Carine Thévenau is a Mauritian/Australian artist who draws much of her inspiration from the natural world, people and her own habitual surroundings. Her work, with a strong portraiture focus, often explores the relationship between man and nature, wilderness and built environments. She is fascinated by the interrelationship humans have with light, wind, plants, seasonal change and other organic phenomena. Passionate about sustainable practices within the arts, Thévenau continually experiments with ethical materials within her own arts practice.

She has recently been awarded a Master of Fine Art from the University of New South Wales, Art and Design and has exhibited in solo and group shows in Los Angeles, Berlin, Melbourne, Sydney and Perth. Her photography has previously been published in Vogue (Australia), Wallpaper (UK), i-D Magazine (UK), Champ Magazine (Tokyo, Japan) and she has spoken as a guest artist at the AgIdeas International Design Conference (Australia).

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About ‘Seasonal Abandonment of Imaginary Worlds‘:

‘Seasonal Abandonment of Imaginary Worlds’ is a photographic collection of aging Japanese playgrounds, captured by photographer Carine Thévenau, in rural Japan. The playscapes are either abandoned or empty due to seasonal snowfall, but the absence of life creates a space, ripe for the imagination. Although the playgrounds may arouse a nostalgic sensation, a more critical analysis reveals a portrait of place and offers us a glimpse of spacetime paused, yet actively in motion.

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The series explores urban spatial narratives and “Ma”, the Japanese word (and concept) for absence through space and time. There is no translation in English for the word “Ma”, however it refers to the space between or negative space between physical matter, where life and emotion can exist. Thévenau interprets the emptiness or “ma”, within the playgrounds, as a silence or tension, akin to the pause in a music score or the interval of a theatrical play; what came before, what is there now and what comes afterwards? The abandoned playgrounds, as they appear here, are the residue of an aging Japanese population, yet hint towards the rising Satori (Enlightened) Generation, who value vintage over shiny new designer goods and a slower pace of life.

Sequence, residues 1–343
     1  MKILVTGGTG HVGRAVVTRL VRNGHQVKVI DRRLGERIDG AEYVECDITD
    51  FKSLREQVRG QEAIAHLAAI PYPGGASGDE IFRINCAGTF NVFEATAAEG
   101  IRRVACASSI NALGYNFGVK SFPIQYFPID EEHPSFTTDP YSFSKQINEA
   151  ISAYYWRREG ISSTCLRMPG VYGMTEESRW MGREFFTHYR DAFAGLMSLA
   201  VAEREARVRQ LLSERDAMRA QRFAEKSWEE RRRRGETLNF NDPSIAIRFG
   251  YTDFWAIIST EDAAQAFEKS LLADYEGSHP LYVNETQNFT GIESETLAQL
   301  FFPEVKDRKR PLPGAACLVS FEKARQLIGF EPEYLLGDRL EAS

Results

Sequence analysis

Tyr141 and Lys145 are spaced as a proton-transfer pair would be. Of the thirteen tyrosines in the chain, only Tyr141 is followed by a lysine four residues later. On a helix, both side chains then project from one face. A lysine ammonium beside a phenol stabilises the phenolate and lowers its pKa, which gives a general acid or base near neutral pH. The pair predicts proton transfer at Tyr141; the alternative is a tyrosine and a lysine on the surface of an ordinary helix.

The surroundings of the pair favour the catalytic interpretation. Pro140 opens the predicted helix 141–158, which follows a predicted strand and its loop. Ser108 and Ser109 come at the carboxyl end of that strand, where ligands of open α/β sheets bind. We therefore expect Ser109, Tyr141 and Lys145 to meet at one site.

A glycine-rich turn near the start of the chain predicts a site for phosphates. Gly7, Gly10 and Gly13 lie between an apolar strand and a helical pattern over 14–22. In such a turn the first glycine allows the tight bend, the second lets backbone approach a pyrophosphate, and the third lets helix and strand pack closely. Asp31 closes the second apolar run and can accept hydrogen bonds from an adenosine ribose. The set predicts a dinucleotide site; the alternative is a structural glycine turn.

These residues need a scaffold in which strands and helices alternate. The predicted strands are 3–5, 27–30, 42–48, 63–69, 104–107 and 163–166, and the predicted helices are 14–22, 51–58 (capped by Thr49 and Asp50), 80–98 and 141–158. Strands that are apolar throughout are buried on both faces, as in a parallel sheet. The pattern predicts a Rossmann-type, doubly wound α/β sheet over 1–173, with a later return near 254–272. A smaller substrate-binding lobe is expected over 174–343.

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The playgrounds reveal economic shifts and Japanese cultural philosophies towards nature, respect, waste and sustainability, as the playgrounds pictured here, are objects of a longer life cycle than the playgrounds of the West. Each jungle gym or slide set appears to be gracefully decaying. There is no graf ti or damage to the playgrounds, allowing the possibility of further interaction, whether for child’s play or otherwise. Thévenau describes the neglected play spaces as a crease in an origami-like structure of spacetime, actively folding into new time frames and thus new landscapes.

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The release will see a limited book release (a First Edition of 500 including 25 Special Edition signed and numbered copies with an origami print).

An exhibition at Koskela Gallery, Sydney, as part of Sydney Design Week (10 March – 08 April, 2018) will display large size prints (100cm x 65cm) printed on bamboo paper with a paper installation by Benja Harney.

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Book details

Hardcover with natural cloth spine –48 pages – 32 color photographs

8.3in x 10.2in (21cm x 26cm)

ISBN 978-0-646-98252-6

First Edition Book US$ 40.00 / AU$ 50.00  

Special Edition Book US$ 100.00 / AU$ 120.00